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December 2014

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N.Y. Retiree Helps Students Engineer their Futures

Long Island, N.Y., Local 25 retiree Richard Williams is a man who literally wears many hats.

When the 71-year-old first steps in front of one of the many crowds of students he frequently addresses, he proudly dons his bright red ball cap with the words "U.S. Marine Veteran" emblazoned across the front.

"I always wear that hat," said Williams, who served for six years in the early 1960s. "It's to symbolize my support for our young people who are around the world putting themselves in harm's way for us."

Next, he puts on what he wore for the next 32 years — an electrician's hardhat. "It protected me on the job — me and my hard head," he laughs, eager to show students one of the tools of his lifelong trade.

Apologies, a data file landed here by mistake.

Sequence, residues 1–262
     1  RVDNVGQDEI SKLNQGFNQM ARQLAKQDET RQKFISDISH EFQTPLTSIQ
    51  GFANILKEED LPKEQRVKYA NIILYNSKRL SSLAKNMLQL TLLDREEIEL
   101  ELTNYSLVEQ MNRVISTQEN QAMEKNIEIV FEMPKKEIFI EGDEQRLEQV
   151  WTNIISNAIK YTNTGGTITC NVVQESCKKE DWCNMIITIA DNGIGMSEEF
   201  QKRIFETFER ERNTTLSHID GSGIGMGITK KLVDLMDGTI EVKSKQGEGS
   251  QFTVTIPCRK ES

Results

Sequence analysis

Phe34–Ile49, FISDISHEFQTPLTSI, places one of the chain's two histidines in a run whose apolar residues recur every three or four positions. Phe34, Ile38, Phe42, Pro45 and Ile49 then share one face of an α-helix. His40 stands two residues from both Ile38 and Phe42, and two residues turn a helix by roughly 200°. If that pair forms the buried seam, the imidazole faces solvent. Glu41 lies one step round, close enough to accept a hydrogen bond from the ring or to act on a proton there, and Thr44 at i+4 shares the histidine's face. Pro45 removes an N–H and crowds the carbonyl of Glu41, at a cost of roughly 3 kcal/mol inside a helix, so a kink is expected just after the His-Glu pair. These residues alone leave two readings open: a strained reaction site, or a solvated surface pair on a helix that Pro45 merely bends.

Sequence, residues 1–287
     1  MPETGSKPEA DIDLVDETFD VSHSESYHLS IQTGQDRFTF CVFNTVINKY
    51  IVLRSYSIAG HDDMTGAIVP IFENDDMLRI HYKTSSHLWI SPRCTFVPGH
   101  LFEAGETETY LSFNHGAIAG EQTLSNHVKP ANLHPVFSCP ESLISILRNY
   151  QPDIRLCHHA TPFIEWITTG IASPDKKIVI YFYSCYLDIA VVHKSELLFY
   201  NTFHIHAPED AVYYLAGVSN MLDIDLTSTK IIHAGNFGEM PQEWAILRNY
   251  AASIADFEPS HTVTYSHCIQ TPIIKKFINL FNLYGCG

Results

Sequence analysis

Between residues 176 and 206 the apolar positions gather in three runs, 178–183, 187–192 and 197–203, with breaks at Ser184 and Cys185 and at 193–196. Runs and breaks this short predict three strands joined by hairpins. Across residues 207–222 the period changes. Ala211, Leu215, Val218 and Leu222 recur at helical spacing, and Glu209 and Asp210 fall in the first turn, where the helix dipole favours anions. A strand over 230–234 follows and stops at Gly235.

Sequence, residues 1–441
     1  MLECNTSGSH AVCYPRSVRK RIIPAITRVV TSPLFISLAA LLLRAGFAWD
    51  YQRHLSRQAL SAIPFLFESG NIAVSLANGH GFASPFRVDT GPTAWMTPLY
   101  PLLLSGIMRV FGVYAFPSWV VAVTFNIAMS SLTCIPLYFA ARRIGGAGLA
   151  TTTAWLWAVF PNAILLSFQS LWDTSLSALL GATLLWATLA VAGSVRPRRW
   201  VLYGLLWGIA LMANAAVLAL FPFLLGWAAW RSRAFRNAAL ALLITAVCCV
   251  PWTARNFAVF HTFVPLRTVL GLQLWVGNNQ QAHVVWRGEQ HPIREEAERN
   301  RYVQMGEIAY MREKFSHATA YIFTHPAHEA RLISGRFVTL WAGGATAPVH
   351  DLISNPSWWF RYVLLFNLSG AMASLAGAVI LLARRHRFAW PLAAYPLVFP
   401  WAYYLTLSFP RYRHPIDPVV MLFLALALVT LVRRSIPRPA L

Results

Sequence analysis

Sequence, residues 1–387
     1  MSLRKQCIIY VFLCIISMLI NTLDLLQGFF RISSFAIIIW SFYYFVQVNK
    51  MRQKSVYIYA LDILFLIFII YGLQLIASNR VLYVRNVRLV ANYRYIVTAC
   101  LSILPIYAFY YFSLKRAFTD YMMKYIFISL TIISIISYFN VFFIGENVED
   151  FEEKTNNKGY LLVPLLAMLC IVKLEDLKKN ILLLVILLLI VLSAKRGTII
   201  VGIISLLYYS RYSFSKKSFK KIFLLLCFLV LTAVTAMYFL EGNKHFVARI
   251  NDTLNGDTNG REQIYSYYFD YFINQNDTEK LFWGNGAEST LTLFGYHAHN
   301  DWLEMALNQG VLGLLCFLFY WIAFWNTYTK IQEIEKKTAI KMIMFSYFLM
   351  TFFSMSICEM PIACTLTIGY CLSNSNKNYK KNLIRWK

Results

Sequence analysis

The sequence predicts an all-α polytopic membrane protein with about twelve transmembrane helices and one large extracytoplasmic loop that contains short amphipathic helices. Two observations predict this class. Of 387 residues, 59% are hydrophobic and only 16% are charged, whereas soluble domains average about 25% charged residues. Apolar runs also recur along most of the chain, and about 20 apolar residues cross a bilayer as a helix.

Since he and his wife moved to Las Vegas in 2004, Williams — or "Corporal Willy" — has been a local champion of technology education for students young and old. Not only does he serve as an adjunct instructor for engineering courses at the College of Southern Nevada, but Williams has volunteered countless hours to help school children learn the basics of science, technology, engineering and math, or "STEM" as it's known in the education world.

"This is a beautiful way to teach kids to be creative," he said. "What I can teach in class is what the industry needs now. We can't even fill up our engineering schools in this country. So that's the whole name of the game — trying to get youngsters interested in technology."

Judging by the cavernous tool shop Williams built on the side of his Las Vegas home — replete with a high-tech mill router, a computer-controlled laser cutter and other machines — students would be hard-pressed to find an area instructor with more knowledge on how to build something. Adding to the technical skills he learned as an electrician, Williams started tinkering with computer-aided drafting programs more than a decade ago. A few years ago, he became certified to teach a program called SolidWorks — a 3D design, modeling and manufacturing software program.